Ellie Cox, intern with Shropshire-based hearing loss charity Signal, writes about new global anti-poverty goals and their relevance for people living with disabilities…
Leaders of the United Nations member countries are gathering to adopt the Sustainable Development Goals in a summit at the end of September. These are global goals to bring an end to poverty and reduce inequalities by 2030 – and they make specific reference to disability.
The new goals will build on the Millennium Development Goals which were agreed in 2000 and expire this year. Despite achievements in tackling extreme poverty under the first set of goals, progress has tended to bypass more vulnerable groups in society including people with disabilities.
Around one billion people or 15% of the world’s population have some form of disability, according to the World Health Organization. Individuals with disabilities worldwide can face barriers to participation in social and economic life, and this is shown through the estimate that one in three children who are not in school has a disability.
In adopting the Sustainable Development Goals, United Nations members specifically pledge to “leave no one behind”. For example, Goal 4 of 17 goals is to “Ensure inclusive and equitable quality education and promote lifelong learning opportunities for all” This goal includes the ambition to “…ensure equal access to all levels of education and vocational training for the vulnerable, including people with disabilities…”
Both at home in Shropshire and in sub-Saharan Africa, Signal already works to help to ensure that deaf and hard of hearing people are not left behind. In Shropshire, Signal: The Hub is a place where people can find emotional and practical support to overcome the communication difficulties that hearing loss brings. While the charity’s Outreach and Befriending projects promote social inclusion and confidence building in our communities.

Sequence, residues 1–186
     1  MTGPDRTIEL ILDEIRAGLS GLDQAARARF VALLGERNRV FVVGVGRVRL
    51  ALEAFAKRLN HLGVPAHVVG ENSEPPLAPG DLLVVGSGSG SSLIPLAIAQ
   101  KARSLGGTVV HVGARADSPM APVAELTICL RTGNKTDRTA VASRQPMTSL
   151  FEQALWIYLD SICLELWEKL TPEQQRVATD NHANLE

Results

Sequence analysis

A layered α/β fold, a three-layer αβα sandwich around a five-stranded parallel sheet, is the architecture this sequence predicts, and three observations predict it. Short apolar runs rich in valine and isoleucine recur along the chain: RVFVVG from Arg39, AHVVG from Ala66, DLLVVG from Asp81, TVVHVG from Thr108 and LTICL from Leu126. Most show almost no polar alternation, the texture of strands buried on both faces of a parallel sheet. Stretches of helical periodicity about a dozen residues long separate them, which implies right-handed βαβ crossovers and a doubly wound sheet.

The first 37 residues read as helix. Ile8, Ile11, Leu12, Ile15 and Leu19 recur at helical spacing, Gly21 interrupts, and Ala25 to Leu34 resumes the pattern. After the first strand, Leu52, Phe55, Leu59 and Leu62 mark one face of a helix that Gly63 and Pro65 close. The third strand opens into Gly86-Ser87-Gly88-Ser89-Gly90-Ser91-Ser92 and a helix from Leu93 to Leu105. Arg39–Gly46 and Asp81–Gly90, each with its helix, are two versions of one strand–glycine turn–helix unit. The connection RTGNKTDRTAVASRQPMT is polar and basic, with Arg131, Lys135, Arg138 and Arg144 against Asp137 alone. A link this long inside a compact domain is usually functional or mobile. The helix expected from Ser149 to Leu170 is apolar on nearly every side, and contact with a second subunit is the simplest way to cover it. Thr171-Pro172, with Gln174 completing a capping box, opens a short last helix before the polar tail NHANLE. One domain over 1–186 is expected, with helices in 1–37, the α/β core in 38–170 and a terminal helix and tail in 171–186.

In Africa, Signal and its local partners help marginalised deaf children & young people to gain acceptance and receive an education and training and health information-in an accessible form. This includes working with families, teachers and community leaders to change negative cultural beliefs about deafness. In the UK, too, public awareness raising is part of the work to build deaf friendly communities.
By helping to lift the stigma surrounding deafness, providing deaf children and their families with communication strategies and training teachers in special educational needs, the drop out rate from school of these children in the areas reached by the charity’s projects in Malawi, for example, Has fallen from 90% to below 5%.
More information about the United Nations’ Sustainable Development Goals can be found here: https://sustainabledevelopment.un.org/ For more information about Signal’s work, please visit: www.signal.org.uk